Herbert K. Mckirgan, Plaintiff-appellant, v. Internal Revenue Service; Mike Kolpack, Defendant-appellee, 967 F.2d 588 (9th Cir. 1992)

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US Court of Appeals for the Ninth Circuit - 967 F.2d 588 (9th Cir. 1992) Submitted June 4, 1992. *Decided June 15, 1992

Before EUGENE A. WRIGHT, CANBY and WIGGINS, Circuit Judges.


Herbert McKirgan ("McKirgan") appeals the granting of the government's motion to dismiss. We affirm.

McKirgan contends that the district court erred in considering sources other than the pleadings without giving notice to the parties. As the district court stated, however, the government's motion to dismiss for lack of jurisdiction was a factual attack, so that it was appropriate for the district court to consider materials outside of the pleadings. St. Clair v. City of Chico, 880 F.2d 199, 201 (9th Cir.), cert. denied, 493 U.S. 993 (1989). Moreover, there is no requirement in such circumstances that the district court give notice to the parties that it is considering such sources. Id.

With respect to McKirgan's claim that he was entitled to recover funds already collected by the IRS, 26 U.S.C. § 7422(a) bars suit for the recovery of taxes collected unless "a claim for refund or credit has been duly filed" with the IRS. Id. McKirgan has not alleged that he has filed such a claim. The district court therefore properly held that he cannot maintain his request for recovery of the funds.

The district court also correctly ruled that it had no jurisdiction over his request for injunctive relief because the Anti-Injunction Act, 26 U.S.C. § 7421(a), bars such relief. McKirgan invokes statutory exceptions to the Anti-Injunction Act, but they are not applicable. McKirgan's reliance on 26 U.S.C. 6303 as an implicit statutory exception to the Anti-Injunction Act is unavailing, because our cases do not support his contention that it is such an exception. See Elias v. Connett, 908 F.2d 521, 524 n. 4 (9th Cir. 1990). 26 U.S.C. §§ 6212(a) and 6213(a) are statutory exceptions to the Anti-Injunction Act, but McKirgan cannot rely on them because he acknowledges that he received the deficiency notices, and he has failed to identify any defects in them. McKirgan similarly cannot avail himself of the judicial exception to the Anti-Injunction Act, as he has failed to show "that under no circumstances could the Government ultimately prevail." Enochs v. Williams Packing Co., 370 U.S. 1, 7 (1962). The government's presentation of certificates of assessments established a prima facie case that the government assessed the taxes properly and sent the required notices. McKirgan failed to overcome this prima facie case, much less meet his "burden of showing that the assessment is baseless." Shildcrout v. McKeever, 580 F.2d 994, 997 (9th Cir. 1978).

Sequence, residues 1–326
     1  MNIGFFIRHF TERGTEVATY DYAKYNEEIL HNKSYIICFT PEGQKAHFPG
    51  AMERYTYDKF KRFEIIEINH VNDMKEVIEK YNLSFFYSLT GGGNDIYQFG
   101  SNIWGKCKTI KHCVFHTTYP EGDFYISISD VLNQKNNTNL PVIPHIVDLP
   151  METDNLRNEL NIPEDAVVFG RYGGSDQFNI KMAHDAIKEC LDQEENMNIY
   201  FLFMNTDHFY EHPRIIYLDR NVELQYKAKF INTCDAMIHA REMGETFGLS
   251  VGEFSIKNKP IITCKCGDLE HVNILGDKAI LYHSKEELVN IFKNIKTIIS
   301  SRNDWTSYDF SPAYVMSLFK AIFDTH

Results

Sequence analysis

We also reject McKirgan's contention that the district court had jurisdiction over his claim for declaratory relief under 28 U.S.C. § 2410. Section 2410 is a limited waiver of sovereign immunity, but it is inapplicable here, as McKirgan is challenging the merits of the assessments against him. Elias v. Connett, 908 F.2d at 527 ("A taxpayer may not use a section 2410 action to collaterally attack the merits of an assessment."). His entire claim for relief belies his attempt to characterize his claim as one based solely on procedural irregularity in the lien.

For the foregoing reasons, the decision of the district court is AFFIRMED.


The panel unanimously finds this case suitable for decision without oral argument. Fed. R. App. P. 34(a) and Ninth Circuit Rule 34-4


This disposition is not appropriate for publication and may not be cited to or by the courts of this circuit except as provided by Ninth Cir.R. 36-3